Genevieve is a unique and beloved member of the Amigos de Jesus family. She arrived at Amigos in October as a long-term volunteer and plans to serve for a year. Though independent from the larger group of long-term volunteers (they arrived in August and are largely in their twenties), Genevieve has carved her 'niche' within the Amigos family and has been a tremendous help to all of the staff and kids. Her backgrounds in non-profit work, education, and long-term service (she and Amigos director Amy Escoto met serving together in the Jesuit Volunteer Corps (JVC)!), as well as her Spanish, writing, and organizational skills, have been tremendous assets to the 'hogar.' Her love, faithfulness, and flexibility have been a wonderful example for the kids.
  1. Name: Genevieve Volpe
  2. Hometown: Wheeling, West Virginia
  3. What did you do for a living before coming to Amigos de Jesus? I worked for The West Side Community House, which is a community center (settlement house) in Cleveland, Ohio. I worked with youth and families, which included youth with severe behavioral issues or mental health issues. The program's focus was on community-based mental health care to help support the youth and their families. One of my main jobs included helping the youth and families work through their issues, difficulties, and find some peace and success. 
  4. What made you decide to serve as a long-term volunteer at Amigos? A couple of years ago, I visited the directors Amy and Wilson here at Amigos de Jesus, and I really enjoyed my visit. I knew there was something very special about this place [Amigos]. I was ready to move on from my previous job and to walk in a different direction. Before coming to volunteer at Amigos, I left my job and moved in with my sister to help here with her premature newborn twins. I lived with her for about two months. I knew I wanted to come back to Amigos and hopefully be of service in some way for a longer period of time. I wanted to utilize my skills and abilities in administration, education, and social work, so I thought, what better time then now? I also have always wanted to live in a Spanish-speaking country, and more specifically in a Central American country. 
  5. What is your role at Amigos? 
    • First, I help in the office. My main project has included implementing a new training manual for the trainings that will be given to the staff, teachers, and caretakers here at Amigos. 
    • Second, I am helping put together a case management system for every child at the ‘hogar.’ The case management will include individual meetings with every child and all those who see the child on a daily basis. The meetings will include the child’s caretakers, teachers, and other people in their lives, to talk about what is going on with the child mentally, physically, emotionally, spiritually, and behavior-wise, both in the ‘hogar’ (home) and in the classroom. In addition to what they need help with, talking about the child’s goals and needs in order to come up with a universal way to act with the child - across teachers, volunteers, and caretakers - to help us help the child be successful, happy, and move forward into adulthood.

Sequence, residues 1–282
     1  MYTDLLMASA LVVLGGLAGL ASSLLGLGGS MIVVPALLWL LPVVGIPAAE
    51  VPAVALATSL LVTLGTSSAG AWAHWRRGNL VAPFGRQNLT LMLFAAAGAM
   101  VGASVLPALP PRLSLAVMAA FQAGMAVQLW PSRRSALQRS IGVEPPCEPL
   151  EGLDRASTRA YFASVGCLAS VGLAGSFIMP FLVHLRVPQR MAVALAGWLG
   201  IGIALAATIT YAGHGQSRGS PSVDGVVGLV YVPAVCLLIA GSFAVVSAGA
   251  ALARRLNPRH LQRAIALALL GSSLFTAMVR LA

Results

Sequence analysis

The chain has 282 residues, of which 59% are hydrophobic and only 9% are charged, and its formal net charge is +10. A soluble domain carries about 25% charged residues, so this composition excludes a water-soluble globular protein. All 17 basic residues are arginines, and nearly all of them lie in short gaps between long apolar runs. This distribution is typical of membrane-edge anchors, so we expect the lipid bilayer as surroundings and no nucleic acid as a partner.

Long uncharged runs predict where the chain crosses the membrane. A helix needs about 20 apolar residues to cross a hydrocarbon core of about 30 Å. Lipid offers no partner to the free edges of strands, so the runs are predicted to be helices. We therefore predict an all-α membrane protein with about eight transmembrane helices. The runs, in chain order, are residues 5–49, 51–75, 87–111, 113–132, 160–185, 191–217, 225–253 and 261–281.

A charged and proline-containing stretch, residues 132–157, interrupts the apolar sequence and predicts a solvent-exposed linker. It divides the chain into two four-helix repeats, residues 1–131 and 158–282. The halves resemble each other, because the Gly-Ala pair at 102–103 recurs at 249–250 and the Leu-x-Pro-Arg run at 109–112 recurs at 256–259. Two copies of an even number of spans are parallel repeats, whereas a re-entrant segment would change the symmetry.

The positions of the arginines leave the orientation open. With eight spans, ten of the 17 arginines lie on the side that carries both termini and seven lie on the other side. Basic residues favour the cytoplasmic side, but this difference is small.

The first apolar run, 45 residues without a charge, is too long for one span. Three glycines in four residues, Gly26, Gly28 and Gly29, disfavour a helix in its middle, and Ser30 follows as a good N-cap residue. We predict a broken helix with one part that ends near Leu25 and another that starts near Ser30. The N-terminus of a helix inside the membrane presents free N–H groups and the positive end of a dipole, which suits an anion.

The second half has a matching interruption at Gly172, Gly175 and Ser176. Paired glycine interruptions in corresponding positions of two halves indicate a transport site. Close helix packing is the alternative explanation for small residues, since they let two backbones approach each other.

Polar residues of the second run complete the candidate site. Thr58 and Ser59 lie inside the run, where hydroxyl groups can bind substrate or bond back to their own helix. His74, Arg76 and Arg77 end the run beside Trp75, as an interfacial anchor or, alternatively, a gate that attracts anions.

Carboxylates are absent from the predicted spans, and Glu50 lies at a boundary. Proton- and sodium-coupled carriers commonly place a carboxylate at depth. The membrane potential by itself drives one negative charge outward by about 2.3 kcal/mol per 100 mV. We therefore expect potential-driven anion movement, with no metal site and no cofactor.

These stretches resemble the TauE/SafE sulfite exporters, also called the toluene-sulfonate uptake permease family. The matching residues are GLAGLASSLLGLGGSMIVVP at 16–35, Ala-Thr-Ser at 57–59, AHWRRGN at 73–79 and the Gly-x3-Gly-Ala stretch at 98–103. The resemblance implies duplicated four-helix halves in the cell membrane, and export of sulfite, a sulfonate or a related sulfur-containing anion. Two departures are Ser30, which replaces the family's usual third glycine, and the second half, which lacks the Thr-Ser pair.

• Third, I also help with other duties needed around the ‘hogar’ when necessary.  I substitute teach sometimes at school, I help organize the storage space in the ‘hogar,’ and I am available to help as a caretaker in any of the ‘hogars’ when necessary. (She forgot to mention that she has also been writing lovely pieces on each of the kids, which we have been using in 'Amiguito of the Week' features).
  6. What is your favorite part of being here? Being a part of a community.  Living and working in the same space with the kids, ‘jovenes’ (teenagers), caregivers, staff, and the teachers.  Being a part of a truly loving and life-giving community, that is my favorite part.  
  7. What is your favorite memory from the year thus far? I guess it would have to be with Jorge Luis (a joven here at Amigos). He came up to me one time during the Christmas season and said “Miss, I have a gift for you.” I did not believe him for one second because he had his hand behind his back and looked very mischievous. I responded by saying, “Oh no, no, no, no, you are going to put an animal in my hand.” The boys around him explained, “Oh no, no, no, Miss, he has a gift for you, like a Christmas ornament.” I believed the boys would never tell a lie, so I went along with it. Trusting that nothing bad was going to happen, I closed my eyes and put out my hand out to receive the gift. Lo and behold, Jorge Luis put a frog in my hand. I could not believe it and all I could think was, “Oh my God, there is a frog in my hand. He really put a frog in my hand!” Delayed in my response, I screamed, and Jorge doubled over laughing. This is one of my most fond memories thus far at the ‘hogar’ because before this had happened, Jorge Luis had never talked to me.  t was one of first times he had ever approached or talked to me and ever since this we have had a beautiful joking relationship. For Jorge Luis, this is a big deal, he tends to be more closed off and to himself and will not bother to interact with someone unless he has some level of confidence. From the frog incident on, Jorge Luis calls me ‘bruja’ and asks me where my frog is.

Genevieve and Juan de Dios